Russia continues assault on Mariupol amid suggestions capturing city linked to symbolic victory for Vladimir Putin

Russian forces in Mariupol have continued their ground assault according to UK intelligence.

The Ministry of Defence (MoD) reports that Russian forces in Mariupol have continued their ground assault on the Azovstal steel plant for a second day and could be linked to a symbolic victory for Vladimir Putin.

It is being reported that President Vladimir Putin wants to present the Russian people with a major battlefield success in time for Victory Day on Monday, which marks the Soviet Union’s triumph over Nazi Germany.

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An intelligence update from the MoD states: “Russian forces in Mariupol have continued their ground assault on the Azovstal steel plant for a second day, despite Russian statements claiming they would seek only to seal it off.

"The renewed effort by Russia to secure Azovstal and complete the capture of Mariupol is likely linked to the upcoming 9 May Victory Day commemorations and Putin’s desire to have a symbolic success in Ukraine.

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"This effort has come at personnel, equipment and munitions cost to Russia. Whilst Ukrainian resistance continues in Azovstal, Russian losses will continue to build and frustrate their operational plans in southern Donbas.”

Ukrainian fighters battling Russian forces in the tunnels beneath Mariupol’s immense steel plant are refusing to surrender in the face of relentless attacks.

Smoke rises from the Metallurgical Combine Azovstal in Mariupol, in territory under the government of the Donetsk People's Republic, eastern in Mariupol, Ukraine, Thursday, May 5, 2022. (AP Photo)

The battle, in the last Ukrainian stronghold of the strategic port city reduced to ruins by the Russian onslaught, appeared increasingly desperate on Thursday.

“There are many wounded (fighters), but they are not surrendering,” Ukrainian President Volodymyr Zelensky said late on Thursday in his nightly video address. “They are holding their positions.”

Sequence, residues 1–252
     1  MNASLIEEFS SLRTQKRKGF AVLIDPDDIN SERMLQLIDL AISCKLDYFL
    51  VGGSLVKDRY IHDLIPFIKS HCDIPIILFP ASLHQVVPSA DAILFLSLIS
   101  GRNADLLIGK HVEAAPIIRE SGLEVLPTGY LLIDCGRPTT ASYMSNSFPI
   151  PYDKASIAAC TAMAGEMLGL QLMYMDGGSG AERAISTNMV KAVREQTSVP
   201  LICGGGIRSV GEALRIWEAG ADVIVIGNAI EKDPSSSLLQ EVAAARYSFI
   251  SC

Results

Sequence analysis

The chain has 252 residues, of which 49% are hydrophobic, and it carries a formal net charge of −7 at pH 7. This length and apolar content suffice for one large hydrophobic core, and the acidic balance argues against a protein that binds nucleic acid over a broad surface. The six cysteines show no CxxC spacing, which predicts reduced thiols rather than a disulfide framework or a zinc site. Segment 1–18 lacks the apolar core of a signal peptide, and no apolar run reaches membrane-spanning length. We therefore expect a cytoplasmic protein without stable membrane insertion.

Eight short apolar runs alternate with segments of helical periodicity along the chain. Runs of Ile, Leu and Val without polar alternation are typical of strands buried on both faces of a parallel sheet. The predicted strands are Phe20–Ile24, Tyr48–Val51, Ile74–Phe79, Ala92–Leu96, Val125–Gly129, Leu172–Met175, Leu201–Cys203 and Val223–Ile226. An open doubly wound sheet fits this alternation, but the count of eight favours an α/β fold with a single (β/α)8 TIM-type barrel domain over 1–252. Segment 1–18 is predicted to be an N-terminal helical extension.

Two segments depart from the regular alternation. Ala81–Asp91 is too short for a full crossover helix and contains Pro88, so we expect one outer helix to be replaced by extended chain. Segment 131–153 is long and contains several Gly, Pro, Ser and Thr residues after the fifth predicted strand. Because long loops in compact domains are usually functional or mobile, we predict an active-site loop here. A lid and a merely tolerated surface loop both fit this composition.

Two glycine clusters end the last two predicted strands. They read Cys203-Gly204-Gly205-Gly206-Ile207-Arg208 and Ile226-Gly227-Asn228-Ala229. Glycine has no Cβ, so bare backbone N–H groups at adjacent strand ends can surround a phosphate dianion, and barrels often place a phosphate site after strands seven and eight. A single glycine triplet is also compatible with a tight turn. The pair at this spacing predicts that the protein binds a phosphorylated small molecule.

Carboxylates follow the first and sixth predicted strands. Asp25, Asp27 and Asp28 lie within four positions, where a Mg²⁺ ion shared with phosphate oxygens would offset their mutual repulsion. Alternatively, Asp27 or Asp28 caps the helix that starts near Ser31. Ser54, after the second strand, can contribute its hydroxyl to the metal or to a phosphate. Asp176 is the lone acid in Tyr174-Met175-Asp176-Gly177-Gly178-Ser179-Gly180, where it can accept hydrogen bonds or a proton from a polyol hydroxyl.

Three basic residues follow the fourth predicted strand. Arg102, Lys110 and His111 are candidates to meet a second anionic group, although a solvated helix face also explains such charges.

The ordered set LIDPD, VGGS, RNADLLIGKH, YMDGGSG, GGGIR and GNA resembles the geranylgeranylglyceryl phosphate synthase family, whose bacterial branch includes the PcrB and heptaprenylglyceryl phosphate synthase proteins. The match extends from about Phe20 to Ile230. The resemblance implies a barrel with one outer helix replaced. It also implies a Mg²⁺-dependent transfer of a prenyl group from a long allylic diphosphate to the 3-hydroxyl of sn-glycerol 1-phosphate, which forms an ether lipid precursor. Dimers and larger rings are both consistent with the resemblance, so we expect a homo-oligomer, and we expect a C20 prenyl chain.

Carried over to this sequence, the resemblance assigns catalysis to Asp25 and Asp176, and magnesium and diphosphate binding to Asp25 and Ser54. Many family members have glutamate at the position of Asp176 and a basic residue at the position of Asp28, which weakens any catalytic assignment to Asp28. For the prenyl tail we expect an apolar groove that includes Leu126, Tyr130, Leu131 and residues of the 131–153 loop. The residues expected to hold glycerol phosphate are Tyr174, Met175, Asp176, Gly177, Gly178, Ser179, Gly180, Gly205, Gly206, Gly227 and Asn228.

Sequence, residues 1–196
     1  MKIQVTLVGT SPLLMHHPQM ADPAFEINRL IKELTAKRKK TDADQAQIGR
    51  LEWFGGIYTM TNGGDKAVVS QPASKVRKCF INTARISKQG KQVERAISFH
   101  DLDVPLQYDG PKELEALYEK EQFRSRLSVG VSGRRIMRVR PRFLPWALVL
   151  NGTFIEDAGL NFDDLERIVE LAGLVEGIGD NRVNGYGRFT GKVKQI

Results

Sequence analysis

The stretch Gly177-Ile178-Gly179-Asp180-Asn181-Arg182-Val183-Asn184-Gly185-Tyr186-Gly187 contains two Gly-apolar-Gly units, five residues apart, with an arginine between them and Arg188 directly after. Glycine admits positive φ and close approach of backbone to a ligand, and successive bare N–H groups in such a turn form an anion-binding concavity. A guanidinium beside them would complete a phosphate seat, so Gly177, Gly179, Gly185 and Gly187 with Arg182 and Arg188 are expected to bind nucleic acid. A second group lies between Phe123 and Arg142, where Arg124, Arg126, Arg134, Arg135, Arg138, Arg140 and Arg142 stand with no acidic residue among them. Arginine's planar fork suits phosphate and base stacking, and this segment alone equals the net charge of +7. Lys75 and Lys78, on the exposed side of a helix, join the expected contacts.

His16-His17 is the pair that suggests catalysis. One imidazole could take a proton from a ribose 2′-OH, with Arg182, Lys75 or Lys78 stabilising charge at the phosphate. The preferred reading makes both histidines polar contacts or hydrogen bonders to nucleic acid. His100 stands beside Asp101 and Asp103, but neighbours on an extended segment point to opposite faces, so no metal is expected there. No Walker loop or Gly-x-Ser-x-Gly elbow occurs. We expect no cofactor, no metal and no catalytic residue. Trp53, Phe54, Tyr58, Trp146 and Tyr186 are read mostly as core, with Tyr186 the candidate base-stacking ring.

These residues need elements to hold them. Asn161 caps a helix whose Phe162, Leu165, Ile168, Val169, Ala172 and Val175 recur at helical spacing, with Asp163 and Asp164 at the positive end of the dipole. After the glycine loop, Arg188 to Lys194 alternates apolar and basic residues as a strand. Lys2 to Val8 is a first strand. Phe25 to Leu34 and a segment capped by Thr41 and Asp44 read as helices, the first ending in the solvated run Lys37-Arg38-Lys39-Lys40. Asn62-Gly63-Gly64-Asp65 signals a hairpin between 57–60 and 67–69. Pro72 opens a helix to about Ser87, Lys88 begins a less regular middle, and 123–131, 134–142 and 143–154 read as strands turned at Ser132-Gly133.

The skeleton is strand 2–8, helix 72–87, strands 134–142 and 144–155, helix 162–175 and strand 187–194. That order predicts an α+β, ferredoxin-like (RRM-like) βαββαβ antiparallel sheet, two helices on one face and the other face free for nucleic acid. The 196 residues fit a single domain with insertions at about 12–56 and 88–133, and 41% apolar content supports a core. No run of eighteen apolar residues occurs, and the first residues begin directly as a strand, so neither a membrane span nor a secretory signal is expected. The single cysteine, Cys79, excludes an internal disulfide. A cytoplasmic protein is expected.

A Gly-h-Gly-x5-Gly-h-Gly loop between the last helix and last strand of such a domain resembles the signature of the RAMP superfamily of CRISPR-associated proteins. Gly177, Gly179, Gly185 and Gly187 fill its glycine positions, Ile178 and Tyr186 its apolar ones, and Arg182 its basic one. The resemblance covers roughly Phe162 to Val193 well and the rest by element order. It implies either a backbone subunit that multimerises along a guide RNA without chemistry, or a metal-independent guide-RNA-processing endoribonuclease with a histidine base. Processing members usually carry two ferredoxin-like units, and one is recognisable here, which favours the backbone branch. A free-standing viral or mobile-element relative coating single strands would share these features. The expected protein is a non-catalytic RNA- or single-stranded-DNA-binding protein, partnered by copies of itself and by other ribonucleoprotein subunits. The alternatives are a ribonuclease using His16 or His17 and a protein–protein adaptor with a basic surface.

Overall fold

He said the attack was preventing the evacuation of remaining civilians.

“Just imagine this hell. And there are children there,” he said. “More than two months of constant shelling, bombing, constant death.”

Municipal workers attach a Russian national flag to a pole preparing to celebrate 77 years of the victory in WWII in Mariupol, in territory under the government of the Donetsk People's Republic, eastern Ukraine, Thursday, May 5, 2022. (AP Photo)

The fall of Mariupol would deprive Ukraine of a vital port, allow Russia to establish a land corridor to the Crimean Peninsula, which it seized from Ukraine in 2014, and free up troops to fight elsewhere in the Donbas, the eastern industrial region that the Kremlin says is now its chief objective.

The Kremlin has demanded the troops surrender. They have refused. Russia has also accused them of preventing the civilians from leaving.

The head of the United Nations said another attempt to evacuate civilians from Mariupol and the plant was underway. UN Secretary-General Antonio Guterres said: “We must continue to do all we can to get people out of these hellscapes.”

More than 100 civilians were rescued from the steelworks over the weekend. But many previous attempts to open safe corridors from Mariupol have fallen through, with Ukraine blaming shelling and firing by the Russians.

“They won’t surrender,” Kateryna Prokopenko said after speaking by phone to her husband, a leader of the steel plant defenders. “They only hope for a miracle.”

She said her husband, Azov Regiment commander Denys Prokopenko, told her he would love her forever.

“I am going mad from this. It seemed like words of goodbye,” she said.

Pentagon spokesman John Kirby said Russian forces are making only “plodding” progress in the Donbas